Laparoscopic Surgery & Medical VR: How effective are they? By: Kimberly Fernandez & Courtney Gaddy
What is laparoscopic surgery? Laparoscopic surgery (minimally invasive surgery) is the performance of surgical procedures with the assistance of a video camera and several thin instruments.
Laparoscopic Procedure Small incisions of up to half and inch are made and plastic tubes called ports are placed through these incisions. A camera and instruments are put into the ports and this allows access to the inside of a patient. The video camera serves as the eyes of the surgeon.
Benefits of Laparoscopic Surgery Quick recovery times Less post op discomfort Smaller scars Less internal scarring Quicker return to full activites
Origins Hans Christian Jacobaeus First laparoscopic procedure performed in 1902 by Georg Kelling of Dresden, Germany in a dog. 1910-First laparoscopic procedure performed in a human by Hans Christian Jacobaues of Sweden.
Origins Invention of the computer chip television camera was a seminal event in the field of laparoscopy. Provided means to project a magnified view onto monitor while freeing both hands of the operating surgeon.
Origins Prior to 1990 the only specialty that performed laparoscopic procedures was gynecology usually for short and simple procedures like diagnostic laparoscopies and tubal ligation.
Laparoscopes The key element in any laparoscopic procedure is a laparoscope. The two types of laparoscopes are a telescopic rod lens system, and a digital laparoscope.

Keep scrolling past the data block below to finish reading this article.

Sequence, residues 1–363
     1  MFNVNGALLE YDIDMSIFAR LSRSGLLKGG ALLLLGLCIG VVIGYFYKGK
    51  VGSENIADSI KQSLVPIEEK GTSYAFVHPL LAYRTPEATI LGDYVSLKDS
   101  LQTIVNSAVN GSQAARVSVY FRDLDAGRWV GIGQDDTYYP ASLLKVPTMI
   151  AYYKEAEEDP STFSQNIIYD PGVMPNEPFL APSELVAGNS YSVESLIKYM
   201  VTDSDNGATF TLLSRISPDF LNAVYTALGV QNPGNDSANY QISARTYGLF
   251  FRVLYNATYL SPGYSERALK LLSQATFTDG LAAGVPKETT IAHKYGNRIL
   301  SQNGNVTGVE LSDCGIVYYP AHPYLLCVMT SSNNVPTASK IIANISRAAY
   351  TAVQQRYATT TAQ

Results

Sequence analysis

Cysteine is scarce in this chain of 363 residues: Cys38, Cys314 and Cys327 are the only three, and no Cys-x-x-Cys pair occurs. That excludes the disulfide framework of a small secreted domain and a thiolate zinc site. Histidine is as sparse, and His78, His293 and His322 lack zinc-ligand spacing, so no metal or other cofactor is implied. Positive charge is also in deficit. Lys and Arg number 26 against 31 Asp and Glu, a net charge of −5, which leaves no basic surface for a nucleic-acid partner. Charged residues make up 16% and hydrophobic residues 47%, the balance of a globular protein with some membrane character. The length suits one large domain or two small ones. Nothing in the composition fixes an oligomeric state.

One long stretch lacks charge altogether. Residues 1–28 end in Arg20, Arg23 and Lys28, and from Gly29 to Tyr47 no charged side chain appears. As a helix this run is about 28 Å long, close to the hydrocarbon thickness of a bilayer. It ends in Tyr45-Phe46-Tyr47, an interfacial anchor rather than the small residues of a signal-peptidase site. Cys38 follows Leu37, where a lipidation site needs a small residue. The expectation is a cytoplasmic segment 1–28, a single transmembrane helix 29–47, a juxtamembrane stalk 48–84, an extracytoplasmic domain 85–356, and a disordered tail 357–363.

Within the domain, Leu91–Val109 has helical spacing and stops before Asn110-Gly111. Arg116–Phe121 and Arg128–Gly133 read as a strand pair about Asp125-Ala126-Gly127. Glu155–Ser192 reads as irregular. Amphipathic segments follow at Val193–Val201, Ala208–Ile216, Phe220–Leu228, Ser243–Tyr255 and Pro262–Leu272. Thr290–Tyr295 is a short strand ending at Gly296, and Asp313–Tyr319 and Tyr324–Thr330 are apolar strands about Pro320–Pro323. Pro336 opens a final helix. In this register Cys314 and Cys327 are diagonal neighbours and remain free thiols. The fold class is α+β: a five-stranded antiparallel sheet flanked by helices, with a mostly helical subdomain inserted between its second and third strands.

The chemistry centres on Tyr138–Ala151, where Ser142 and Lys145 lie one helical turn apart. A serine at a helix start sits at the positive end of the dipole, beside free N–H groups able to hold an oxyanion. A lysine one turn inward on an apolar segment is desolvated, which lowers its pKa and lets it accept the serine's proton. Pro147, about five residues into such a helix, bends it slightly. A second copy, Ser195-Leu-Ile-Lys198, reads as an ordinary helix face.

Telescopic Rod Lens System Usually connected to a video camera Also attached is a fiber optic cable system connected to a light source to illuminate the operative field.
Digital Laparoscope Charge coupled device is placed at end of the laparoscope, eliminating the rod lens. Also attached is a fiber optic cable system connected to a light source to illuminate the operative field.
Carbon Dioxide Gas and Laparoscopy Before the laparoscopic procedure is performed, the abdomen is insufflated or blown up like a balloon with carbon dioxide gas. This causes elevation of the abdominal wall above the internal organs like a dome to create a working and viewing space.
Why is CO2 Used? Carbon dioxide is common in the human body It can be absorbed by tissue and removed by the respiratory system. It is non-flammable. This is important because electrosurgical devices are commonly used in laparoscopic procedures.
Laparoscopic Appendectomy http://www.youtube.com/watch?v=M8RhIDOz-5U
da Vinci Surgery With the da Vinci Surgical System, surgeons operate through just a few small incisions. It features a 3D high definition vision system and tiny wristed instruments that bend and rotate far greater than the human wrist. Surgeon is 100% in control of the da Vinci system which translates his or her hand movements into smaller, more precise movements of tiny instruments inside the body.
da Vinci Surgery http://www.davincisurgery.com
Medical VR A system of computer generated three dimensional imaginary environments with which a person can subjectively interact. Ex: Medical research to monitor brain activity in the hippocampus of subjects trying to solve maze problems.
Medical Virtual Reality Overview http://www.youtube.com/watch?v=jZbO2tPvCc4&list=PLD256E96553F1BBE3
Examples of VR in the medical field Physicians and trainees can use VR to plan and conduct remote surgeries or assist others with surgeries. 3-D models of the human body can be created, giving medical students or practitioners views of the human body and how it interacts. VR can be used in rehabilitation and therapy by distracting patients who might otherwise experience pain. 3D imaging created by diagnostic tools to allow physicians to have a total view of a patient.